City of Seattle Homeless Sweeps Exacerbate Problem, May Push Others to the Streets

Wednesday, December 23, 2015

In the wake of recent eviction sweeps of homeless encampments conducted by the City of Seattle, Columbia Legal Services, the American Civil Liberties Union of Washington (ACLU-WA), and the Seattle/King County Coalition on Homelessness, sent a letter to Mayor Ed Murray outlining concerns about the harmful effects of these activities, noting that the biggest problem is the city forcing people from a location without safe, available alternative places for them to go. The city’s practices appear to include referring people from encampments to shelters that are already at capacity, effectively displacing people who are already in shelter or waiting in line for shelter, and forcing those indoors back to the street.

In the letter, dated December 14, 2015, advocates also listed several concerns about these practices, including a lack of adequate notice, engagement and outreach protocol, procedures around storage and destruction of personal property, and the role of law enforcement at the sweeps.

Advocates have requested a meeting and a halt to these sweeps. The city has not yet responded. Instead, the city has announced it intends to step up its schedule of sweeps, which comes during the holiday season. Witnesses and photos from a recent sweep under the Yesler Way viaduct in downtown Seattle revealed a situation where city employees indiscriminately dumped personal belongings into the garbage – with little warning and no chance for recovery. Many people were absent while their possessions, paperwork, medicine, and keepsakes disappeared for good.

These sweeps are occurring at a time when, as Mayor Murray has said, “[w]e are facing our worst housing affordability crisis in decades.” Making matters worse, state psychiatric hospitals are facing lawsuits because of the chronic lack of mental health beds, chemical dependency treatment options do not nearly meet the needed demand, and there is much less emergency shelter capacity than the number of people who need it.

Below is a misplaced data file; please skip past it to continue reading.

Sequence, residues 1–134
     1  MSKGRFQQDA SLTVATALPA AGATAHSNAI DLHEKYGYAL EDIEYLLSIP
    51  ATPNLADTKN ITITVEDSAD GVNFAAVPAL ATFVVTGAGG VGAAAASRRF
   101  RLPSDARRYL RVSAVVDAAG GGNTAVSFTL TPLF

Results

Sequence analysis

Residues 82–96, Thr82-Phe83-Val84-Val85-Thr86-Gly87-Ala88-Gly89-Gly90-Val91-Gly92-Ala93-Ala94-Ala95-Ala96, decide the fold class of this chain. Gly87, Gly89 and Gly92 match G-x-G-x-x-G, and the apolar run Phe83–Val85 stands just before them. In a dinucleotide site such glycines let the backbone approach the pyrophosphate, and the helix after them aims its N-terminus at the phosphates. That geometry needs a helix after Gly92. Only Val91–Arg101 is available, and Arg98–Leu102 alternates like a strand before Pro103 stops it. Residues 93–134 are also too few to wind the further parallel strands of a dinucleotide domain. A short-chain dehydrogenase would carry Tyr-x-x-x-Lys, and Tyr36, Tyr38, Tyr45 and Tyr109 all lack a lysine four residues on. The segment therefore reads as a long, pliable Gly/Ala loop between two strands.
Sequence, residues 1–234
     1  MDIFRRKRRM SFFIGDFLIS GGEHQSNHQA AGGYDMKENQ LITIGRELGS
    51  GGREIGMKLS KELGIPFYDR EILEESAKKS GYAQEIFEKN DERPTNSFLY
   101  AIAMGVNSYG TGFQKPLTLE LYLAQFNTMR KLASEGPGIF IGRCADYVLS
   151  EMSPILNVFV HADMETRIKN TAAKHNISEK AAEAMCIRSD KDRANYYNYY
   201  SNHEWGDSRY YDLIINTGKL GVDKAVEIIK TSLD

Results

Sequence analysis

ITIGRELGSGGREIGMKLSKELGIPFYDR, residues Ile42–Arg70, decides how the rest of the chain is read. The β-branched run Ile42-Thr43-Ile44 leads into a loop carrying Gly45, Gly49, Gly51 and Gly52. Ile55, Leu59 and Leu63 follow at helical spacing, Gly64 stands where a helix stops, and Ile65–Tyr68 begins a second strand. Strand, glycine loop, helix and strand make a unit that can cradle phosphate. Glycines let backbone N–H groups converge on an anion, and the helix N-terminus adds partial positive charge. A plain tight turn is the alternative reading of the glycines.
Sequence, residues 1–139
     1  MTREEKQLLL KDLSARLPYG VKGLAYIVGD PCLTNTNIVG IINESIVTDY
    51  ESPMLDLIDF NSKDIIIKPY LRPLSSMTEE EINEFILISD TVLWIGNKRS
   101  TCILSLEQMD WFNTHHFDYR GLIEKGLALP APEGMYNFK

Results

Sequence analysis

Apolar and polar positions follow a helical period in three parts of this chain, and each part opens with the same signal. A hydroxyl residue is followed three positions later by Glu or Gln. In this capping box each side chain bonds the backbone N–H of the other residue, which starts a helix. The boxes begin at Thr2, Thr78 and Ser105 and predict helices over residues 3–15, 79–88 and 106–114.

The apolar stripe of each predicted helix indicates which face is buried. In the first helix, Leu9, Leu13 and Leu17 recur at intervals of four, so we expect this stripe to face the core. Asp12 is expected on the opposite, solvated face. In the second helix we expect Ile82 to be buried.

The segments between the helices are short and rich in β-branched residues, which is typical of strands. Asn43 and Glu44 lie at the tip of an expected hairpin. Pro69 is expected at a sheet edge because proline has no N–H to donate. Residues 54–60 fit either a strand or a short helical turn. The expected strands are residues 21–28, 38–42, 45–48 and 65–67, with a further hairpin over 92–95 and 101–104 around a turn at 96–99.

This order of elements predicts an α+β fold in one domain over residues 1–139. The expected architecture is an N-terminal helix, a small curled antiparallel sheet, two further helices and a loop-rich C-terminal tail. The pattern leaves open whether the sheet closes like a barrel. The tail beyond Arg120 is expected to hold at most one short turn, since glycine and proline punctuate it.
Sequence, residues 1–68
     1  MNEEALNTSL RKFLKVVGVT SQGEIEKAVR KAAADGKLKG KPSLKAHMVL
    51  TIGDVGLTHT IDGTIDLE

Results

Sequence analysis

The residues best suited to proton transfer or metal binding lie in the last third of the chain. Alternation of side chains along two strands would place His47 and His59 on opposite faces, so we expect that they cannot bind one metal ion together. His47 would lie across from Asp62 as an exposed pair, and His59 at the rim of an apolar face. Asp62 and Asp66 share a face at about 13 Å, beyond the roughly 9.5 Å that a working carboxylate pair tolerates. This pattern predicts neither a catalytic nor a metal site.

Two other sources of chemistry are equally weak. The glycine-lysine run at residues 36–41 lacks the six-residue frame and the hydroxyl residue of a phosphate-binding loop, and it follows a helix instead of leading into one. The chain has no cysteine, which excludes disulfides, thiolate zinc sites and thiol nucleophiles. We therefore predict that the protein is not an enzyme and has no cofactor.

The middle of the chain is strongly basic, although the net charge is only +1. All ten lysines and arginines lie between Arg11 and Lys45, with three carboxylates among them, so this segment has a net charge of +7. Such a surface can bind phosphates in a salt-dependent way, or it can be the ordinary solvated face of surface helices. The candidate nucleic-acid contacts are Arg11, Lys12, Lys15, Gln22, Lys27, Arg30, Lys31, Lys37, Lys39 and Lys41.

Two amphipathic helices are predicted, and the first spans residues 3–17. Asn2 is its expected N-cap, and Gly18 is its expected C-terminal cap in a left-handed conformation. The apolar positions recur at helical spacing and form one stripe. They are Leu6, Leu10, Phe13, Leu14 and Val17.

“We applaud efforts by Mayor Murray to call attention and devote resources to the complicated challenges of homelessness in Seattle,” said Yurij Rudensky, an attorney with Columbia Legal Services. “But with the cost of living in Seattle soaring and people who are experiencing homelessness already facing indignities and perils, destroying their property and failing to provide adequate shelter does not increase safety. Nor does displacing those who are currently using shelter spaces.”

“We agree: this is an emergency,” said Alison Eisinger, Executive Director of the Seattle/King County Coalition on Homelessness. “Thousands of people in Seattle, and in the rest of King County, don’t have access to the basics that every human being needs. We hope to see a response that addresses homelessness as a public health crisis, rather than focusing on people who are outside in winter weather as a problem to be ‘cleaned up.’”  

According to announcements around the State of Emergency on homelessness, the city plans to increase available shelter beds by 100, yet the recent annual One Night Count found over 2,800 people outdoors overnight in Seattle after area shelters were full. In all, 3,772 people were counted outside in King County on one night. During the recent sweep, advocates tried to inquire about how people could retrieve their belongings and access needed services, but each party diverted responsibility to a different agency present at the scene, leaving questions around who is directing these efforts.